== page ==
My overall conclusion is that, so far, the Part D program has succeeded in getting affordable prescription drugs to the senior population. Its privatized structure has not been a significant impediment to delivery of these services. Competition among insurers seems to have been effective in keeping a lid on costs, and assuring reasonable quality control. We do not have an experiment in which we can determine whether a single-product system could have done as well, or better, along these dimensions, but I think it is reasonable to say that the Part D market has performed as well as its partisans hoped, and far better than its detractors expected.

Four New Members

Proving once again that the Pigou Club is bipartisan, Bill Frenzel, Isabel V. Sawhill, Charles Stenholm, and William Hoagland sign up:
To increase energy security and reduce global warming, we would impose a carbon fee or tax on energy producers of $15 per metric ton of carbon emissions, phased in over a three-year interval, which could raise about $35 billion a year. This fee could be collected by auctioning off permits to private companies under a cap-and-trade system, or levied as a direct tax on the businesses (which in turn, of course, would pass costs along to consumers).
Read their article for other proposals to tame the deficit.

Ec 10 Update

Thursday, February 15, 2007

Prescott on Globalization

Nobelist Ed Prescott writes in today's Wall Street Journal (subscription required):
Of all the thankless jobs that economists set for themselves when it comes to educating people about economics, the notion that society is better off if some industries are allowed to wither, their workers lose their jobs, and investors lose their capital -- all in the name of the greater glory of globalization -- surely ranks near the top.
Yes, tell me about it.

Frank on Health Care

In today's NY Times, economist Robert Frank makes the case for a government-run health system, along the lines they have in France. Somewhat oddly, however, for support he links to an article coauthored by economist Victor Fuchs which calls for universal coverage through a system of "health care vouchers," which seems to maintain a role for private insurers.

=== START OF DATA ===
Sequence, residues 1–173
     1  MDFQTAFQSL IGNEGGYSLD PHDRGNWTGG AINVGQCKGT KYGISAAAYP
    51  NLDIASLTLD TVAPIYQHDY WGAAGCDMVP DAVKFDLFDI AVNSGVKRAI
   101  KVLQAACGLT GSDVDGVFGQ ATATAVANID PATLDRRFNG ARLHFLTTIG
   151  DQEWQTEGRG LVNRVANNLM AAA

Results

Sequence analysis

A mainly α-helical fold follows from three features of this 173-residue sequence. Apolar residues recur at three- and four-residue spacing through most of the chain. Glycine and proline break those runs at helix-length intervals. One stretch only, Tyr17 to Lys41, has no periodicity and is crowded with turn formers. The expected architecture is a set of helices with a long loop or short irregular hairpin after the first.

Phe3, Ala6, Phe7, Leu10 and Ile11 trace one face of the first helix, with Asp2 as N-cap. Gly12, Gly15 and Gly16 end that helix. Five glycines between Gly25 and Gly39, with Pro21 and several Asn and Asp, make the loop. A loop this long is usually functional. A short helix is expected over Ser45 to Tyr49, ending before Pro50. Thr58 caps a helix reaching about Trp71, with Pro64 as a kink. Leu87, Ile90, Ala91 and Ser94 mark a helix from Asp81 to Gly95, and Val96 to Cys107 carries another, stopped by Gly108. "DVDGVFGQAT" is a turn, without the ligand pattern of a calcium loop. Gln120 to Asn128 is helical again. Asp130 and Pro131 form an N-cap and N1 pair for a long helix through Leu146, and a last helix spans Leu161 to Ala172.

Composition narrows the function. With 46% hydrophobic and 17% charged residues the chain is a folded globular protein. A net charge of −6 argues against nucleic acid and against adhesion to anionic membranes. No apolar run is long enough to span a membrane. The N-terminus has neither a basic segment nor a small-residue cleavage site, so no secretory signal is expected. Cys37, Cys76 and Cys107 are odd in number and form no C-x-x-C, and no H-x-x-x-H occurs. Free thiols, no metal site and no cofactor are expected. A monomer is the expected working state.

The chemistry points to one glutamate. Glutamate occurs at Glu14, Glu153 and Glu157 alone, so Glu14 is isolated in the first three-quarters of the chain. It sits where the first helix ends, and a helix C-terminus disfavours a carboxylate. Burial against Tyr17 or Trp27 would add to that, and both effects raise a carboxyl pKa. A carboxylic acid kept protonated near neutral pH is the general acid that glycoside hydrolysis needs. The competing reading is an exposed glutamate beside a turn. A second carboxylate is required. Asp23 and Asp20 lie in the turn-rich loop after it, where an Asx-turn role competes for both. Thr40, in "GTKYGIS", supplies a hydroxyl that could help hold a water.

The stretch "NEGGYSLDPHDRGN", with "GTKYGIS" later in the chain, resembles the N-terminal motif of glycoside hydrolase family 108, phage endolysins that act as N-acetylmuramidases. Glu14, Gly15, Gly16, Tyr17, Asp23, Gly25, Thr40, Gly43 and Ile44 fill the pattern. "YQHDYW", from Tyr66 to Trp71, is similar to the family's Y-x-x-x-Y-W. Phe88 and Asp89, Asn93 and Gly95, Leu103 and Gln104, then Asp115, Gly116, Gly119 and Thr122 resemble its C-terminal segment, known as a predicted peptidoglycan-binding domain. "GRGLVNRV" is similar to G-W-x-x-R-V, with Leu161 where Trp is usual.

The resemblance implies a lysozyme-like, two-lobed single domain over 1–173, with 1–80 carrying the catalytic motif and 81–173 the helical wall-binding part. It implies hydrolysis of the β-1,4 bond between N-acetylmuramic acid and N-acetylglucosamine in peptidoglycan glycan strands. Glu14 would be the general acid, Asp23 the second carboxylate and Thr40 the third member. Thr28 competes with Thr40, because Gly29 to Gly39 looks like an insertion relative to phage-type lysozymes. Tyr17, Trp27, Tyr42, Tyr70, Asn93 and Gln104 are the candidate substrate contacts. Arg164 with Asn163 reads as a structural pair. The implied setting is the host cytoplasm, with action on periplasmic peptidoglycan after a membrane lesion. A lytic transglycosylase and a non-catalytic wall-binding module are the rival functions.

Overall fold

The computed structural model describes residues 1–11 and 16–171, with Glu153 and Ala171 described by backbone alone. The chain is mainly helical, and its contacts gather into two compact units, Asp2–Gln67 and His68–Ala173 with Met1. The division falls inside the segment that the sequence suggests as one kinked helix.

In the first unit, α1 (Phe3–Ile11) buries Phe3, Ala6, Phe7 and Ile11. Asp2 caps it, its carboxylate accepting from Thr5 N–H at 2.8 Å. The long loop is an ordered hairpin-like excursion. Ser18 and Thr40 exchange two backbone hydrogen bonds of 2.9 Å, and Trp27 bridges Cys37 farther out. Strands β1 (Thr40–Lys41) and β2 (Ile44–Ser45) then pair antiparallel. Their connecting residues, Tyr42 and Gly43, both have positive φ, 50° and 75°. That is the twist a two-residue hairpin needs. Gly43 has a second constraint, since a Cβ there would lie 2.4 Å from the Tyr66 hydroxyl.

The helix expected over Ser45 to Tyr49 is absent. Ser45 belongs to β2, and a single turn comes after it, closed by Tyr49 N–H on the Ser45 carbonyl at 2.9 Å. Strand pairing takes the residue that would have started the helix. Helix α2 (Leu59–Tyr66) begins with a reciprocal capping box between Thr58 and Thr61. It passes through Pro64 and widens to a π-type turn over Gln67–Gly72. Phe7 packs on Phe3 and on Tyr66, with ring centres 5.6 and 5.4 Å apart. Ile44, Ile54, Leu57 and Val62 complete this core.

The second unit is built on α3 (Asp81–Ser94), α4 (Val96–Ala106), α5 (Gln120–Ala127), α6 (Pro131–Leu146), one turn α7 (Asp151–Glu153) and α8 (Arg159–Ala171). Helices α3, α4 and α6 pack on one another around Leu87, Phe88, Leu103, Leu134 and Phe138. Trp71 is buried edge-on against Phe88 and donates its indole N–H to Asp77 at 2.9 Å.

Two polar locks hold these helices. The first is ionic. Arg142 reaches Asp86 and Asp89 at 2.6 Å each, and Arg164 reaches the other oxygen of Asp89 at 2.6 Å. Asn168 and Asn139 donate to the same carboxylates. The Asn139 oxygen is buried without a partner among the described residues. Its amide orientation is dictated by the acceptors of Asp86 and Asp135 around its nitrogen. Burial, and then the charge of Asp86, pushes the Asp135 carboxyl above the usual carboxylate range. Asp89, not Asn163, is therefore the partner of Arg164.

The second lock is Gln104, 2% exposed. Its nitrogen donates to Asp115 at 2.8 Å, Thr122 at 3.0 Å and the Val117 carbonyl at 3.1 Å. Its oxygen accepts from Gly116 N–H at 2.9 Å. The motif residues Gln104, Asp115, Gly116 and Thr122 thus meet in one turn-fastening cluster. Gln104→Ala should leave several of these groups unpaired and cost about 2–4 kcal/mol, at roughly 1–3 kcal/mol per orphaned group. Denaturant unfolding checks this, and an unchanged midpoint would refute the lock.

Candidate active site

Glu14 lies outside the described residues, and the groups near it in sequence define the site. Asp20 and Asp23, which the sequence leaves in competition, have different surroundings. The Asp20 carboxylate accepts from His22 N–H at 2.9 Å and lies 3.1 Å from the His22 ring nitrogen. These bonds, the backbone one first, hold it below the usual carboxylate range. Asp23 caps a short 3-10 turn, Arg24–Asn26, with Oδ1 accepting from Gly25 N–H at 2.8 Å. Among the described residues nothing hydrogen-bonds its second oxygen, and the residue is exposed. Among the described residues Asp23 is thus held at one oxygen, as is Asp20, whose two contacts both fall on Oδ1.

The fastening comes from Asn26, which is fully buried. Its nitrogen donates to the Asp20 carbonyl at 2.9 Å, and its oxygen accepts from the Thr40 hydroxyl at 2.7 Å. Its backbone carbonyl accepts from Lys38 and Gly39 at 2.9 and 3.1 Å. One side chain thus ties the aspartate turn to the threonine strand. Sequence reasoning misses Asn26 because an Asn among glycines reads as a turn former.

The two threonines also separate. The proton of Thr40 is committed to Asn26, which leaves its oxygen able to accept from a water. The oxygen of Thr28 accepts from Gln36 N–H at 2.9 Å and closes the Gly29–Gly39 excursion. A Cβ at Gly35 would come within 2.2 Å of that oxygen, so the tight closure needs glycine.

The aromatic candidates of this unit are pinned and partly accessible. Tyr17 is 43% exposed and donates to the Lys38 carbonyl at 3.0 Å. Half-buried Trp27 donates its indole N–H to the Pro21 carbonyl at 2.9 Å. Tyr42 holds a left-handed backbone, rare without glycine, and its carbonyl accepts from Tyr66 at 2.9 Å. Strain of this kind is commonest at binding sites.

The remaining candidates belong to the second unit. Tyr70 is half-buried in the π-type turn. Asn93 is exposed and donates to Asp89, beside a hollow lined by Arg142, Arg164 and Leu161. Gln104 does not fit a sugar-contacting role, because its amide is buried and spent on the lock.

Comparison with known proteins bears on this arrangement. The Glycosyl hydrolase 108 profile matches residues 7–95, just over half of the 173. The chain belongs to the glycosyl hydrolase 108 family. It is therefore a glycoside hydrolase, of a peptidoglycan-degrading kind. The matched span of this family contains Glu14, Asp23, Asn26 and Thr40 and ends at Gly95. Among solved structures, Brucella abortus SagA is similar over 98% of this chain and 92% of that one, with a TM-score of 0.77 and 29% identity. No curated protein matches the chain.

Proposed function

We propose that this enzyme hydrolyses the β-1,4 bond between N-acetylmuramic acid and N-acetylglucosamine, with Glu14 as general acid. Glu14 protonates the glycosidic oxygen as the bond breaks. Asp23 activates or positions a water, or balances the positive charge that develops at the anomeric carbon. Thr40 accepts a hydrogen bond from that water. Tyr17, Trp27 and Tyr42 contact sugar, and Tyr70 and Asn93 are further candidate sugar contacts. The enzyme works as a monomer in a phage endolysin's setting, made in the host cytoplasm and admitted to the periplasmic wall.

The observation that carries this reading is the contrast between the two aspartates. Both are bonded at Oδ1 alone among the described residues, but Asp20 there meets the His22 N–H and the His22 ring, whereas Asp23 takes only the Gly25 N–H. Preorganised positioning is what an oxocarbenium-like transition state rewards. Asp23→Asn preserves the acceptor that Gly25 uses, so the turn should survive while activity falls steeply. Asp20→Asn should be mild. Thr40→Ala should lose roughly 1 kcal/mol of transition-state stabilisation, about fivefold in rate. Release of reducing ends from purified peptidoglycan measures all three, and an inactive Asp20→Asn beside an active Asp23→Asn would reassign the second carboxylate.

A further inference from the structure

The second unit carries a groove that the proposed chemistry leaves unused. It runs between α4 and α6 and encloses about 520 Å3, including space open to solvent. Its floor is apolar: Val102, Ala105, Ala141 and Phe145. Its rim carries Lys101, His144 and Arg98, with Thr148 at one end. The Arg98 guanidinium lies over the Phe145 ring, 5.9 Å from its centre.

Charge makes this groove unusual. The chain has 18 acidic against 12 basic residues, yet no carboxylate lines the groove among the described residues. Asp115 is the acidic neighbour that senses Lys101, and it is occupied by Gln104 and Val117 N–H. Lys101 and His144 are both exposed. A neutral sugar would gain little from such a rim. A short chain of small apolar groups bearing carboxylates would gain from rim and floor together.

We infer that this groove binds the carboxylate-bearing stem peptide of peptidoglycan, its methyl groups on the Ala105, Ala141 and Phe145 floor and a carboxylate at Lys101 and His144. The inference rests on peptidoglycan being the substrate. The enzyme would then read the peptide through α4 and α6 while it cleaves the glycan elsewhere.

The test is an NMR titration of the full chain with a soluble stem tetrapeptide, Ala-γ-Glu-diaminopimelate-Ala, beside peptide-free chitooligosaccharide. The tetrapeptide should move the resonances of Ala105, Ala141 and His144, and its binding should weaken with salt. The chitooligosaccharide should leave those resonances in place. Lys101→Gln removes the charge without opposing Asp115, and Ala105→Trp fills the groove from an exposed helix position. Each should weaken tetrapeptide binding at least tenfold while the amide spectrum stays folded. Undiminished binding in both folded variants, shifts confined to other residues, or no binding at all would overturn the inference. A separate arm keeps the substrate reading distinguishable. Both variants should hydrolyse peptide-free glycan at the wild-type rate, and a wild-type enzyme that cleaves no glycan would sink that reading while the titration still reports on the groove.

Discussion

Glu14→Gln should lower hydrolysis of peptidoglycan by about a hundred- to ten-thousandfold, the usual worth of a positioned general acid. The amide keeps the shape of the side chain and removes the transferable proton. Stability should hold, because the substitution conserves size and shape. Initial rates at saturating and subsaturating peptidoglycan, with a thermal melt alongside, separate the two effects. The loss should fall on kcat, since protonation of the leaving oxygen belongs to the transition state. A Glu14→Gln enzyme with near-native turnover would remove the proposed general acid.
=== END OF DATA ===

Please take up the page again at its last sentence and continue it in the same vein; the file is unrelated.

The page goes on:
Note that the Bush health plan is not all that far from a voucher system. If we eliminate the tax exclusion for employer-provided health insurance and give everyone a refundable tax credit, rather than a deduction, if they have at least basic health insurance, as the Washington Post recently suggested, then we have in effect given each taxpayer a voucher equal to the credit amount that can be used to buy health insurance. That seems to embrace the central element of the Fuchs plan.

Wednesday, February 14, 2007

The Changing Face of Government

Prediction Markets

In today's NY Times, an article on prediction markets for political outcomes starts with a story about Betsey Stevenson and Justin Wolfers, both PhD graduates from the Harvard econ department. (Justin is also a coauthor of mine.) Here is some of Justin's research on prediction markets.

Paul Volcker signs up

Paul Volcker, former Fed chairman, is a member of the Pigou Club:

Volcker said taxes either on emissions or on petroleum could be effective in reducing global warming, although it would be difficult to reach an international consensus on the desired levels.

"It's an area where in my view the United States has been particularly delinquent," he said, adding it would be wiser to impose a tax on oil, for example, than wait for the market to drive up oil prices. A tax would give the government "some leverage that you can use for other things."

By "other things" I would include reductions in distortionary taxes.

Tuesday, February 13, 2007

From the Helpdesk

It is always hard to get used to new information technologies.

Littauer Lament

Whoever is in charge of space planning at Harvard does not like the economics department.

Monday, February 12, 2007

Climate Change Commentary

Economists Joe Stiglitz, Nicholas Stern, and Martin Weitzman have new pieces on global warming. The most interesting (as well as the most technically demanding) is the one by Weitzman. His conclusion: "The Stern Review may well be right for the wrong reasons."

Rogoff on the Dollar

My colleague Ken Rogoff opines on the dollar.


From the Council of Economic Advisers, here is the new Economic Report of the President.

On page 129, you can find this analysis of gasoline taxes: